Blue blood & green bile

Eleanor Konik

Eleanor Konik

Professionally, I teach world history. In my downtime, I enjoy combining storytelling with my love of sharing obscure history and science.


I was working on an urban fantasy story years ago that featured elves, and I went pretty far down the rabbit hole on dangerous iron could be to them — including the iron in most terrestrial blood. I discovered that some animals have copper-based blood instead, and it has some neat tradeoffs that eventually inspired the winged, lactating egg-layers I talk about so much.

Fun Facts

Vaccine Base

Hemocyanin is one of the strongest known antigens. Antigens are able to stimulate strong immune responses, so hemocyanin is often harvested from horseshoe crabs to help vaccine development Compared to hemoglobin, most hemocyanins (they aren't all the same!) are inefficient at transporting oxygen — except in cold, low-oxygen environments like the bottom of the ocean. From what I can tell, this has to do with the salt concentration of the blood, at least in blue crabs like the ones in the Chesapeake.

Allergic to Blue Bloods

People who are allergic to crustaceans like crab and shrimp may actually be allergic to hemocyanin proteins. Hemocyanin is a cross-reactive allergen of crustacean, cockroach, and dust mites. Incidentally, there's still a lot we don't know about dust mite allergies — which is frustrating to me in particular because a dust mite allergy may have been responsible for me developing dermatographia, a skin condition that functions like a "pressure allergy" — scratching or rubbing my skin causes me to break out in hives, possibly due to my histamines being surrounded by unusually thin cell walls.

Colorless Blood

The ocellated icefish lives in such an ice-cold environment that neither hemoglobin nor hemocyanin is a great solution for carrying oxygen around its body. Whereas the Antarctic octopus compensates by having 40% more hemocyanin than its warm-water cousins, the ocellated icefish doesn't bother with oxygen-carriers at all. Cold water holds more oxygen than warm water, it turns out. So the icefish's blood runs clear. Its lack of scales and oversized heart help oxygen get through the body instead. They don't have the enzymes to carry carbon dioxide away, either.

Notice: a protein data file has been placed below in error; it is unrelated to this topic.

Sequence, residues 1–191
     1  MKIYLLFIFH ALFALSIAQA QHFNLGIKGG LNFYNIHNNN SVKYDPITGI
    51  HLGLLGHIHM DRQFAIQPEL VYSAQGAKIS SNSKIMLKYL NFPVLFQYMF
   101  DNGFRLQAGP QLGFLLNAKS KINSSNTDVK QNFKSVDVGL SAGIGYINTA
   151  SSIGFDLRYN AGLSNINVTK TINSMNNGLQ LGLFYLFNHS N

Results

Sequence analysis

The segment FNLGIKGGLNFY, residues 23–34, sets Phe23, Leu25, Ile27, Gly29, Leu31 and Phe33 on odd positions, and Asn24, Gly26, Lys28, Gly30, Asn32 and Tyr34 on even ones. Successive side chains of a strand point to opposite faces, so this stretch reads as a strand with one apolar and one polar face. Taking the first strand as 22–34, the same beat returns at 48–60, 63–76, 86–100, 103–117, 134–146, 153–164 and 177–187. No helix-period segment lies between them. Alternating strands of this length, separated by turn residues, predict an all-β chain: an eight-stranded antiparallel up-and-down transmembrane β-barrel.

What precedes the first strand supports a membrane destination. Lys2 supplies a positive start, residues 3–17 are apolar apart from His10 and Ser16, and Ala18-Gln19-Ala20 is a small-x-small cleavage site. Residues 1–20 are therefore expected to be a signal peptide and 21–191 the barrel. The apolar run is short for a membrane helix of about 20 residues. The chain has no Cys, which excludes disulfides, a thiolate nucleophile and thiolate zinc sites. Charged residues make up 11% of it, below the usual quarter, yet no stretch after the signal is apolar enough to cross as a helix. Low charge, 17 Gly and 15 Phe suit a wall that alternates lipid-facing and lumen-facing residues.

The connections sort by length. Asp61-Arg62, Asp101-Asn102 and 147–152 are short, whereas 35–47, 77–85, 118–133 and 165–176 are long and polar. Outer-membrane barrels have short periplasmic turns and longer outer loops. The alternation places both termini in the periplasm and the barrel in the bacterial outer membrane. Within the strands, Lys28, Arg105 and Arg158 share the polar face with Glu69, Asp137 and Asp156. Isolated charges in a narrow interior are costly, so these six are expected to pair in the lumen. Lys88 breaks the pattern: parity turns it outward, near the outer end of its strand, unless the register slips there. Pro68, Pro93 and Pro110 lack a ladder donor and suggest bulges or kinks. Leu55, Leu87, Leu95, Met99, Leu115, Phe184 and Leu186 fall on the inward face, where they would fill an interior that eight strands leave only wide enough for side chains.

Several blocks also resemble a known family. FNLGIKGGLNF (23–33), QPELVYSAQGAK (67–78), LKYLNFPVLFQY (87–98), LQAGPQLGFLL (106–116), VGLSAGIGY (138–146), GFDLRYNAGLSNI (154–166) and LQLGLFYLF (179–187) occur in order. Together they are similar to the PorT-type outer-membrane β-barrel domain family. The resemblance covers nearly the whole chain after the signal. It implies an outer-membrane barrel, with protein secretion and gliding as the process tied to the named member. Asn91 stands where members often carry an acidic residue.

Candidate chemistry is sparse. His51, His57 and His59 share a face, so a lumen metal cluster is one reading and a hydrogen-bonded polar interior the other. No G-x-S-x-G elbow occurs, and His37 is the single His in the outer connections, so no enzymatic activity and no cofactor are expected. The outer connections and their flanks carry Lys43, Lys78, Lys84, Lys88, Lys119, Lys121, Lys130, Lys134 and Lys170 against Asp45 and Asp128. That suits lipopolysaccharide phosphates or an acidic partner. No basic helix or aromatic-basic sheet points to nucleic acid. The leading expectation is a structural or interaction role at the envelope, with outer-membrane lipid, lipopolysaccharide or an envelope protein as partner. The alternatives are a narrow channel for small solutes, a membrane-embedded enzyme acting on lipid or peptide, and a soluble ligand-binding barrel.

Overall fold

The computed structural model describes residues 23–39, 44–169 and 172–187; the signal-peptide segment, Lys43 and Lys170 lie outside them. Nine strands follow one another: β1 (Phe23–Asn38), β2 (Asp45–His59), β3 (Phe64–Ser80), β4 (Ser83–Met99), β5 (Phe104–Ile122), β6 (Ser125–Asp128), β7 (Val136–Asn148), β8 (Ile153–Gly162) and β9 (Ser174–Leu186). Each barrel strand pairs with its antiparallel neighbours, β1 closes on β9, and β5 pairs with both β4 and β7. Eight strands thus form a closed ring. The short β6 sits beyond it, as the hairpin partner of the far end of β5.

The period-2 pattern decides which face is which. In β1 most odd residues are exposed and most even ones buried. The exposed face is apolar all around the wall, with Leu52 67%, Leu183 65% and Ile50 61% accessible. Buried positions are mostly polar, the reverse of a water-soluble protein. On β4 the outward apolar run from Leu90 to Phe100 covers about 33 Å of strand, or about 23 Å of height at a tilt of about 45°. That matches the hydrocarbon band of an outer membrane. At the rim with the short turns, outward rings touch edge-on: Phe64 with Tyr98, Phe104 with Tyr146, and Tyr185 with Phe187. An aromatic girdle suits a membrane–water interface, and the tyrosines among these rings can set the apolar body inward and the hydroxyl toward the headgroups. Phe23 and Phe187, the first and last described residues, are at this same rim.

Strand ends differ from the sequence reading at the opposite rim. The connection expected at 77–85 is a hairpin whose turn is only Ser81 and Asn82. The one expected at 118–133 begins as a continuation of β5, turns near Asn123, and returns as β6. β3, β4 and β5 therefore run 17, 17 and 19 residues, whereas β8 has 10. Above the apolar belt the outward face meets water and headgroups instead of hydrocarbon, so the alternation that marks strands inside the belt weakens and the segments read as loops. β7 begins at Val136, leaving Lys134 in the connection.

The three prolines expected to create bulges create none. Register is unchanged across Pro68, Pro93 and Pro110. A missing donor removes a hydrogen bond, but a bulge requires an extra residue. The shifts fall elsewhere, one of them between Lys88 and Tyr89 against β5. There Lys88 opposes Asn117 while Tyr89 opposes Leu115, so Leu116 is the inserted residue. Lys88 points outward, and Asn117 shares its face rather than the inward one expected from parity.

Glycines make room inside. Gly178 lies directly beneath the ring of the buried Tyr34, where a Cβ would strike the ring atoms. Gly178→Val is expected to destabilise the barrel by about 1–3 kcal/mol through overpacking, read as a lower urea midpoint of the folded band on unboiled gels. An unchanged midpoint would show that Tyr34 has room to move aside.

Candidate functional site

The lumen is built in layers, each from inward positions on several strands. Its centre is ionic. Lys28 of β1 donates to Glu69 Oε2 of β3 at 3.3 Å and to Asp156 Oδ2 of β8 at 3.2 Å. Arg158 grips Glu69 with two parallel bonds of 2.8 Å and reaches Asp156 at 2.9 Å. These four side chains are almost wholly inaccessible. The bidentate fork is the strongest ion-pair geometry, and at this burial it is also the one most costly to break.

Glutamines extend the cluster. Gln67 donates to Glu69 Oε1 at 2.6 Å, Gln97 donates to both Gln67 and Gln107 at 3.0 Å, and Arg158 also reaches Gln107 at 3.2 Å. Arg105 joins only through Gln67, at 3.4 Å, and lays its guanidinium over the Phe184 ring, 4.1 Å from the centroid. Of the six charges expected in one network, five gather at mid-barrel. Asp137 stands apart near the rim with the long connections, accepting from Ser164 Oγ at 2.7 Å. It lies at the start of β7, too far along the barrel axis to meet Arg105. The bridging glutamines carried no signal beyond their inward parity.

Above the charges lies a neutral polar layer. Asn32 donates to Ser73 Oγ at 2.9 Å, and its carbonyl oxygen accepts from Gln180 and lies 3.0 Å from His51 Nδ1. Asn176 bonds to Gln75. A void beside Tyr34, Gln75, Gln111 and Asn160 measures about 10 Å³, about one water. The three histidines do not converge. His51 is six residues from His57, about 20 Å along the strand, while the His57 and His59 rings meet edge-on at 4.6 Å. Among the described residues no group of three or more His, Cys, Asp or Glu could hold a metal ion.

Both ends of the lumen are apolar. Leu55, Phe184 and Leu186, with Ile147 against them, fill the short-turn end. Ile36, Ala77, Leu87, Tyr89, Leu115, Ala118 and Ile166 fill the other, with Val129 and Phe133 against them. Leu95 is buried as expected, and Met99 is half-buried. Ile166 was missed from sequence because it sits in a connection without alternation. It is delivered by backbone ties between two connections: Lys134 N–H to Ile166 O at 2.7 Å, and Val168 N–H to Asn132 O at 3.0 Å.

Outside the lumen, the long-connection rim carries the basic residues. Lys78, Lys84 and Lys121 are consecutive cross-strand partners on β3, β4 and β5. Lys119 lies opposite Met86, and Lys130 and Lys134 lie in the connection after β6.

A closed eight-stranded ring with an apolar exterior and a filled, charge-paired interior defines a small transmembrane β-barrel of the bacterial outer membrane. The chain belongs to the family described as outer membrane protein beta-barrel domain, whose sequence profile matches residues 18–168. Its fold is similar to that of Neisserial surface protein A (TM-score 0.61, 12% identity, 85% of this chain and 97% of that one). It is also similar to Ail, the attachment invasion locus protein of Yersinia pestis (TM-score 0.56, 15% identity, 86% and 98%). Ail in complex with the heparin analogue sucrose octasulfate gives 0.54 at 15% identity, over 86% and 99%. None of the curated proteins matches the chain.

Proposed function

Green Blood

High levels of biliverdin in the hemoglobin of Papua New Guinea's skinks turn the lizards' blood green. In humans, biliverdin gets converted into bile — too much causes jaundice. 50 micromoles per litre of blood is deadly in humans, but these lizards can handle 20x that much. This sort green blood evolved at least four separate times on the island, but scientists are still trying to figure out why it might have been useful from an evolutionary perspective.

📗 If you found this interesting, you may also this newsletter about thermoregulation methods, and how different creatures stay comfortable in extreme environments via sweaty feet, poopy legs, & deep dirt.

💚 If you learned something from this overview, consider forwarding it to a friend and encouraging them to sign up for more overviews of my research into obscure history and science.

🩸 Do you happen to know anything weird about clear, blue or green blood? Please reach out — I'd love to hear about it, either via email or in a comment where other readers can see.


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